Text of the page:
XDEBUG_CONFIG: "remote_host=${XDEBUG_REMOTE_HOST:-host.docker.internal} remote_port=${XDEBUG_REMOTE_PORT:-9000}"
      # I use PHPStorm as IDE and this makes the handshake easier.
      PHP_IDE_CONFIG: "serverName=wp.test"

I’ve also modified the docker/wpbrowser/Dockerfile to COPY over the project files during build:

# Take the BUILD_PHP_VERSION argument into account, default to 7.3.
ARG BUILD_PHP_VERSION=7.3

# Allow for the customization of other PHP parameters.
ARG BUILD_PHP_TIMEZONE=UTC
ARG BUILD_PHP_IDEKEY=PHPSTORM
ARG BUILD_XDEBUG_ENABLE=1

# Build from the php-cli image based on Debian Buster.
FROM php:${BUILD_PHP_VERSION}-cli-buster

LABEL maintainer="[email protected]"

# Install XDebug extension.
RUN pecl install xdebug

# Create the /project directory and change to it.
WORKDIR /project

# Create an executable wrapper to execute the project vendor/bin/codecept binary appending command arguments to it.
RUN echo '#! /usr/bin/env bash\n\
# Run the command arguments on the project Codeception binary.\n\
vendor/bin/codecept [email protected]\n' \
> /usr/local/bin/codecept \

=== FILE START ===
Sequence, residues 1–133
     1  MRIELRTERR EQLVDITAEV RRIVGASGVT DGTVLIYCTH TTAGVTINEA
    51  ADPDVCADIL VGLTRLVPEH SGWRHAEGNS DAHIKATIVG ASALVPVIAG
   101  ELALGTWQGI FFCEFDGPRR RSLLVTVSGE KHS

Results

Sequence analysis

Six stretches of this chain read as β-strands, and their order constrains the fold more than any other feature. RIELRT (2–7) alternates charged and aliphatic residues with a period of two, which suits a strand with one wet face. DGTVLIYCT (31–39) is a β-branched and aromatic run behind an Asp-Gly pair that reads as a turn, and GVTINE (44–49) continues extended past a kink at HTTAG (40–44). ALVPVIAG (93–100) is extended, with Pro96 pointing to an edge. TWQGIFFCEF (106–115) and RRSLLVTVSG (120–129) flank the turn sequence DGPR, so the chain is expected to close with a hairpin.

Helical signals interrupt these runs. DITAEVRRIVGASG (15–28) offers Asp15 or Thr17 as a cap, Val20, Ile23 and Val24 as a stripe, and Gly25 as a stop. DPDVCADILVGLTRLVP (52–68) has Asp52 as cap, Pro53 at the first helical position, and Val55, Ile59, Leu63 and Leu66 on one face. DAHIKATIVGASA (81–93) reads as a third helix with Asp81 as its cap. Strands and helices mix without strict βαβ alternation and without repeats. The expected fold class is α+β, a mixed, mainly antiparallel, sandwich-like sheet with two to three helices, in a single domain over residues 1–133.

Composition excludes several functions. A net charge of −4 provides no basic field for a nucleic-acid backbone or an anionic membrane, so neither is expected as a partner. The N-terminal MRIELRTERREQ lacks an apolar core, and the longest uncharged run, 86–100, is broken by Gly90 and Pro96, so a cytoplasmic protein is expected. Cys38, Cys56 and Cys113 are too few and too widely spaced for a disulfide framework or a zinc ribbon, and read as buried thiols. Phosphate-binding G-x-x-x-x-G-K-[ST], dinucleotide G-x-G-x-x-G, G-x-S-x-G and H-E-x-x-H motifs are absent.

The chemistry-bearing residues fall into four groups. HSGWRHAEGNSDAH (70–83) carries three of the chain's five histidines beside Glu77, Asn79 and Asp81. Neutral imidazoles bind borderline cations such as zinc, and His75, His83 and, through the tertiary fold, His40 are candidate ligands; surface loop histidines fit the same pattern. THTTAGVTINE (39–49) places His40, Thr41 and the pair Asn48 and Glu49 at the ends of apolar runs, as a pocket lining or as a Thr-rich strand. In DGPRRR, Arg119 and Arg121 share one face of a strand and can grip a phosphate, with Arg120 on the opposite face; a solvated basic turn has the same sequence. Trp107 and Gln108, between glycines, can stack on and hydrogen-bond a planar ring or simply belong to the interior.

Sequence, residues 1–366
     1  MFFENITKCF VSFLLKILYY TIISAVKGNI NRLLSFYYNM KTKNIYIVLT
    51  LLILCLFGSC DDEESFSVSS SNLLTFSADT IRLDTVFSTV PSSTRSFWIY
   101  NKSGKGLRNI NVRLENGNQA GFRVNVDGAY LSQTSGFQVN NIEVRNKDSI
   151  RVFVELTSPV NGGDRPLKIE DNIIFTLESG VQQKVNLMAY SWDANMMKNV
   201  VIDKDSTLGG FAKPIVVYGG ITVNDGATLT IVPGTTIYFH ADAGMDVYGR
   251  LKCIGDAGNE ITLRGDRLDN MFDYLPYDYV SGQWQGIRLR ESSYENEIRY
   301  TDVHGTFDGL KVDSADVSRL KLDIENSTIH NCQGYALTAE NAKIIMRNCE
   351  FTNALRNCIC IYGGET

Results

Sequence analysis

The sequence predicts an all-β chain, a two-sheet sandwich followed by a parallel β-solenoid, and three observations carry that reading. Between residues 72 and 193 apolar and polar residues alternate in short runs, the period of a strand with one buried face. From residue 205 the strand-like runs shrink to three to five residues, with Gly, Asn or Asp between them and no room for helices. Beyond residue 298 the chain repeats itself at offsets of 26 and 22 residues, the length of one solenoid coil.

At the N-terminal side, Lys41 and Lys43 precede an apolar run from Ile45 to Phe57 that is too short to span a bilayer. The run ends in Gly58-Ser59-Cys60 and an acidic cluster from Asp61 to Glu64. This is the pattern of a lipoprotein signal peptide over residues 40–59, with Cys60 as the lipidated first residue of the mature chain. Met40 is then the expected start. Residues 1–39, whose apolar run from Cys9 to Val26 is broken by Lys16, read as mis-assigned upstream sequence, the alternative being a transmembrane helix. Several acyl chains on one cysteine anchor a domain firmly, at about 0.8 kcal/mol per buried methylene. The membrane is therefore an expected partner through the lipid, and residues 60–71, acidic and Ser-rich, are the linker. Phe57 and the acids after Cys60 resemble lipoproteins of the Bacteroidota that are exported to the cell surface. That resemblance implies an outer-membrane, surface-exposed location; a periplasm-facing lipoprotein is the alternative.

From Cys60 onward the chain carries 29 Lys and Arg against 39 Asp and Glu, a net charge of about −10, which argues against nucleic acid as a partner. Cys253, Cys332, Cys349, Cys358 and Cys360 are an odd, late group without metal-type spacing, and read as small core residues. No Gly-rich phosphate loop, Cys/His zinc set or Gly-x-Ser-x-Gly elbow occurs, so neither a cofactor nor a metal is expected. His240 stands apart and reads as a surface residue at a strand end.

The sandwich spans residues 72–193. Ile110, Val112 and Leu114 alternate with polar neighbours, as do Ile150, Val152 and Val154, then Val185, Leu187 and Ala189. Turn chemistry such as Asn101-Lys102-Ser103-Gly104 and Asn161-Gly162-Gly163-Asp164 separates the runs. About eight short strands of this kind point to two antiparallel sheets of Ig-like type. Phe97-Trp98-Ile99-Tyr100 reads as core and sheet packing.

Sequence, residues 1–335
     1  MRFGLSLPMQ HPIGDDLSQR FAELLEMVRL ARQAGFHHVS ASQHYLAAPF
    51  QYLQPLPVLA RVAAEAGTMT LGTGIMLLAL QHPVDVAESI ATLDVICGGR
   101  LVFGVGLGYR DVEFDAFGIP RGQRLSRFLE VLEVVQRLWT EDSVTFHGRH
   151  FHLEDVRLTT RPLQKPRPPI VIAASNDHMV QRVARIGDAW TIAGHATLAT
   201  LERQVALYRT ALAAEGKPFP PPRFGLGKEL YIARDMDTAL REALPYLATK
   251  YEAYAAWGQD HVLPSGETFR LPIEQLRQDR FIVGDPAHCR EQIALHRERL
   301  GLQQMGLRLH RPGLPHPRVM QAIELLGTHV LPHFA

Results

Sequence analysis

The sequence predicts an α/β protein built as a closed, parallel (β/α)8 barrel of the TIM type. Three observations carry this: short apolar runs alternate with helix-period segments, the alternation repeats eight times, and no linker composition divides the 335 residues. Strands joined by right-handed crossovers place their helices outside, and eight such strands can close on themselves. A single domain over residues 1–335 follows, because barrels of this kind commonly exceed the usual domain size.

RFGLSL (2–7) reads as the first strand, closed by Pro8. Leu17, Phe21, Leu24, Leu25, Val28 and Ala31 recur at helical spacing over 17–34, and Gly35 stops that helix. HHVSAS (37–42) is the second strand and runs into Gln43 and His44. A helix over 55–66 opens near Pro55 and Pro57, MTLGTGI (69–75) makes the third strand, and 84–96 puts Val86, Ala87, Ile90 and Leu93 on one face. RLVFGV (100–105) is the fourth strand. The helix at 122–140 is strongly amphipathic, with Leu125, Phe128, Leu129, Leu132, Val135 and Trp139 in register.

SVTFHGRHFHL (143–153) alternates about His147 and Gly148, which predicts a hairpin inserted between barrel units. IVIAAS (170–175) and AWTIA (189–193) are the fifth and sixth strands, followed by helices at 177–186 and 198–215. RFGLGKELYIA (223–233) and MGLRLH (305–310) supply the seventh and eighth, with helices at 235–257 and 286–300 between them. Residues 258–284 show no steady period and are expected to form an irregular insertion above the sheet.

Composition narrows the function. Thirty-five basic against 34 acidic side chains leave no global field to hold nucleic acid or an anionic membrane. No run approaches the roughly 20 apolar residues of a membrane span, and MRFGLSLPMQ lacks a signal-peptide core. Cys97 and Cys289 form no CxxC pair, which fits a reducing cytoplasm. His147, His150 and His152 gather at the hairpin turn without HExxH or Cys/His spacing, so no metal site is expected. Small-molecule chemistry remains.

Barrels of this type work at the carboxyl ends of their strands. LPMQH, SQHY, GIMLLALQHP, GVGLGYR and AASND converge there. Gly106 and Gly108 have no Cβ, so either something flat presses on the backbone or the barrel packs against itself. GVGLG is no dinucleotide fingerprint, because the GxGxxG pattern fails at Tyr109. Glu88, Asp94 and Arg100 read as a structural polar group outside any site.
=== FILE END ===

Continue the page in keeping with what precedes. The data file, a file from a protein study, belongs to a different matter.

&&  chmod +x /usr/local/bin/codecept

# By default run the wrapper when the container runs.
ENTRYPOINT ["/usr/local/bin/codecept"]

# At the end to leverage Docker build cache.
COPY . /project

# Set some ini values for PHP.
# Among them configure the XDebug extension.
RUN echo "date.timezone = ${BUILD_PHP_TIMEZONE}\n\
\n\
[xdebug]\n\
zend_extension=xdebug.so\n\
xdebug.idekey=${BUILD_PHP_IDEKEY}\n\
xdebug.remote_enable=${BUILD_XDEBUG_ENABLE}\n\
" >> /usr/local/etc/php/conf.d/99-overrides.ini

I’ve finally modified the Makefile to force a build, that benefitting from Docker build cache, before running the tests:

RUNS = 1 2 3
docker_runs = $(addprefix run_, $(RUNS))

$(docker_runs): run_%:
   @docker-compose run --rm wpbrowser run test_suite -f -q --no-rebuild

build_test_container:
   @docker-compose build

pll_docker_builds: $(docker_runs)

Since parallel execution, in make applies to any specified target, I have to ensure the build_test_container target runs before the pll_docker_builds one.

It’s as simple as concatenating two calls to make:

make build_test_container && make -j -O pll_docker_builds

You can find the code I’ve shown in this post here

Next

I need to put all this together to try and run all the suites in parallel.
New challenges await me as not all suites have no infrastructure requirements as the unit suite does, and many require a database, a web-server, and a Chromedriver container to run acceptance tests.

I appreciate your input